Given that PM Modi and CM Stalin are on opposite sides of the Indian political divide, this may have been the first time they came together on a common cause. The Chess Olympiad fandango was probably just a smokescreen for the two strong leaders to engage in some confidential and informal backroom chats. Two Grandmasters picking their way carefully through the squares! The machinations of politicians are unpredictable and sometimes can make strange bedfellows. This may, and this is pure conjecture on my part, have been a first-time effort at chess diplomacy in our country. In the international arena of political intrigue over the years, journalists have frequently used chess as a metaphor to describe diplomatic moves and manoeuvres.
While my own light-hearted speculation on the just concluded Chess Olympiad in Chennai, against the backdrop of Indian politics was precisely that i.e., satirical speculation, there is a lot more to the game in the global arena. On the international stage, over the years, the game of chess has reflected in deadly earnest, the more serious political conflicts that sparked worldwide interest. When precocious American child prodigy Bobby Fischer took on his Russian counterpart Boris Spassky for the World Championship title at Reykjavik in 1972, the entire world was agog. It was almost as if Nixon was facing off against Brezhnev. Even those who could not tell the difference between a rook and a knight sat up and took notice. Because this was not just any ordinary chess game. It was widely projected as the ersatz cold war between USSR (as it then was) and the United States being played or fought out over a chess board in neutral Iceland’s capital city. For the record, the enigmatic, unpredictable genius, Fischer defeated Spassky to be crowned world champion, while America and most of the world representing capitalist interests, went berserk. It was as if the USA had militarily annexed the USSR. Even the world’s most popular rock band, The Beatles, in a different context, had the world dancing to Back in the USSR.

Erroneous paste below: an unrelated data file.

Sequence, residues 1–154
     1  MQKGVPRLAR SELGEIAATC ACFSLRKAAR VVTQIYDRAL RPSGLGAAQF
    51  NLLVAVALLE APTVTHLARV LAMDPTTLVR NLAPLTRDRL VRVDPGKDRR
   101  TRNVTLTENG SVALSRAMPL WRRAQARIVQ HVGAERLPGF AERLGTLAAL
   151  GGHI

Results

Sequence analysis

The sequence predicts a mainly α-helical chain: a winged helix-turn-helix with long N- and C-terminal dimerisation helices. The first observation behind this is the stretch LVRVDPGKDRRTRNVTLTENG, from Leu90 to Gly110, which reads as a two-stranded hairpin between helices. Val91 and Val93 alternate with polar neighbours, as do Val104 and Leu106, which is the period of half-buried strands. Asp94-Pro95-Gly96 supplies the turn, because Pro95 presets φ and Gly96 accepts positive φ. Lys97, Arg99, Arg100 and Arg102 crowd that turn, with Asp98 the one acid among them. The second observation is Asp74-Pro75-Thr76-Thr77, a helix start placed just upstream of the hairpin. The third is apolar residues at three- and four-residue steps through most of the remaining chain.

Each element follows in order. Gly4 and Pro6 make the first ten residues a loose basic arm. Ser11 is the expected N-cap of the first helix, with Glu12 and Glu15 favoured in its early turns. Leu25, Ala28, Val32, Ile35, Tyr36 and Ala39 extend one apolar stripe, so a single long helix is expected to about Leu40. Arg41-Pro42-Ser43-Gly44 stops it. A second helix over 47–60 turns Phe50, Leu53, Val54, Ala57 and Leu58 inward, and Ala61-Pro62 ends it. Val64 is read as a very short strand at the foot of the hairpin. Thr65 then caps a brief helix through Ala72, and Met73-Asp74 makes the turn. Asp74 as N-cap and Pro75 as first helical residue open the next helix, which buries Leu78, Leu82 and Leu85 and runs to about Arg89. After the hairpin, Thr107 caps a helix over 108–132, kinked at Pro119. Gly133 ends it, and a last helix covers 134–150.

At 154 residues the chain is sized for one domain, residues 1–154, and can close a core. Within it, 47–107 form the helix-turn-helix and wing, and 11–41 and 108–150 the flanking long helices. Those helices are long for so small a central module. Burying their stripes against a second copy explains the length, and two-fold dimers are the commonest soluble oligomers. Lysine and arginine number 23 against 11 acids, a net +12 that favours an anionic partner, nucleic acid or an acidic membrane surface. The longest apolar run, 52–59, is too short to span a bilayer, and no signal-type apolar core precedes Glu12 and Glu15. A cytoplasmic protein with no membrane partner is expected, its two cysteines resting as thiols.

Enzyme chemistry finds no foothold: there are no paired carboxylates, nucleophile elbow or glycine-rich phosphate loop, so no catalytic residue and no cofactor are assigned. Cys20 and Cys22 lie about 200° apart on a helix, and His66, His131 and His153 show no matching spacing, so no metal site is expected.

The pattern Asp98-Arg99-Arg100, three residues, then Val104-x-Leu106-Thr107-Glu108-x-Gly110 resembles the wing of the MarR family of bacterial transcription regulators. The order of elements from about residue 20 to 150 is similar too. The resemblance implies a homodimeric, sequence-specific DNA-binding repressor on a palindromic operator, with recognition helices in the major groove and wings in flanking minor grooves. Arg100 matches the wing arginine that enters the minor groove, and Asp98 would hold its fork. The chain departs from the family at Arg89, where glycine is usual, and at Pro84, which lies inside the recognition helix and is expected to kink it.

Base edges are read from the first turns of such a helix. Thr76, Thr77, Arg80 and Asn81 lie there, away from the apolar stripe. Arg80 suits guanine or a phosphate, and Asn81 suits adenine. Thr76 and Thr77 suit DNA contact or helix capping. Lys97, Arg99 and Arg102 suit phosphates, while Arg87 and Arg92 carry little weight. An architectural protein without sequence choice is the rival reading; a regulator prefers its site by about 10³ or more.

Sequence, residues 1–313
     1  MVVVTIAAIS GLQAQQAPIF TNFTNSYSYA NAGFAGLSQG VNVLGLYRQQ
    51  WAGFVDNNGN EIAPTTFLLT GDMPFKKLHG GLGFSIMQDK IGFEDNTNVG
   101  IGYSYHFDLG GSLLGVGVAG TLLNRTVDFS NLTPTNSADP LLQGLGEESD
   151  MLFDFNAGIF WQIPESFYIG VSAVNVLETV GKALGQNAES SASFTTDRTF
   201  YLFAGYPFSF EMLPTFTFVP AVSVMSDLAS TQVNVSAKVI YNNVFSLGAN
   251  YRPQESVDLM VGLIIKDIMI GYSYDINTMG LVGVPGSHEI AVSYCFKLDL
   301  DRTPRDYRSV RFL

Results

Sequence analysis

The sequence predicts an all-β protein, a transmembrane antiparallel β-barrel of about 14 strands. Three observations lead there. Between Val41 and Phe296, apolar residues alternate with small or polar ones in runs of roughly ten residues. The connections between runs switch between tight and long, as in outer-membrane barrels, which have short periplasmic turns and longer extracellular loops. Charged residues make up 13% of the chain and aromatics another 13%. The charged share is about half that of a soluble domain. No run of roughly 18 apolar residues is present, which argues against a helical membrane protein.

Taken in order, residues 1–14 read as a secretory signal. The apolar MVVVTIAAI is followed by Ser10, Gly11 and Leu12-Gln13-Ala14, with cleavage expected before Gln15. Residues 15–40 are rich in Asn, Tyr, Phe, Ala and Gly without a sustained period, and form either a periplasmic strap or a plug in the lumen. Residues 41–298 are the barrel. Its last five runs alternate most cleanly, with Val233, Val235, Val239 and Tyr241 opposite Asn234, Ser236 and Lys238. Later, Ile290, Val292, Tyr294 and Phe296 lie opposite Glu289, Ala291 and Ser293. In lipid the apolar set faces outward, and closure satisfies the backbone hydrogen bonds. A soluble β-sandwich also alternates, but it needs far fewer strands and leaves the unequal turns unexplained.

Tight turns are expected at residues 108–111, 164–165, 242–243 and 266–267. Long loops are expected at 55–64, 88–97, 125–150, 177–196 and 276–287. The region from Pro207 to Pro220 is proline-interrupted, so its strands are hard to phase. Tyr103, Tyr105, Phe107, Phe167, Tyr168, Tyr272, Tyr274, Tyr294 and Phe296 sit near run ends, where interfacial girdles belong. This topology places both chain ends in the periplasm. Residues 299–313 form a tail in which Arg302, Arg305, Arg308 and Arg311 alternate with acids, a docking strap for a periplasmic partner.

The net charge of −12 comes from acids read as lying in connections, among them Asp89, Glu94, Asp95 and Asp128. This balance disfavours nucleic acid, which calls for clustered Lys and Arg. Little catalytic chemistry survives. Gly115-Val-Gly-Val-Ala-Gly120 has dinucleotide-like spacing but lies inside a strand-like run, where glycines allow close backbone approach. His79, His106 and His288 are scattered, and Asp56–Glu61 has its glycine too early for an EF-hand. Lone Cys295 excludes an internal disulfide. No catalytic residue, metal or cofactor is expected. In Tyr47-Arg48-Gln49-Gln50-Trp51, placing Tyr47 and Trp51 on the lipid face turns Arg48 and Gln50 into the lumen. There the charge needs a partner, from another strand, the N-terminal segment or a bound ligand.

India has always had a close association with chess. Historians aver that the game shatranj or chaturanga, was first discovered and developed in India during the 6th century AD. In more contemporary times India could boast of many fine chess players, but none of them hit the headlines globally. However, it was not until the 80s and 90s that a quiet, unassuming lad from Madras, Viswanathan Anand, blazed a phenomenal trail of glory for his country. He became the first Indian grandmaster and was awarded the Padma Shri at the age of just 18 and in 2007, he was awarded the Padma Vibhushan, the first sportsman to have been so honoured. (The Congress party’s politically opportunistic awarding of the Bharat Ratna to Sachin Tendulkar came later). The rest of ‘Vishy’ Anand’s fabulous career needs no elaboration as it is well recorded for anyone who is interested. He has just this year been elected Deputy President of the FIDE (World Chess Federation). If India today boasts a clutch of highly talented young chess players, the meteoric rise of ‘Lightning Kid’ Anand has undoubtedly been the primary inspiration. It is worth adding here that the late film director and maestro Satyajit Ray’s film, Shatranj ke Khiladi (The Chess Players), set in circa 1857 during the Indian mutiny against the British, won international plaudits and reaffirmed India’s pioneering role in developing the game of chess, though the game itself played a subtle, metaphorical backdrop to the main storyline.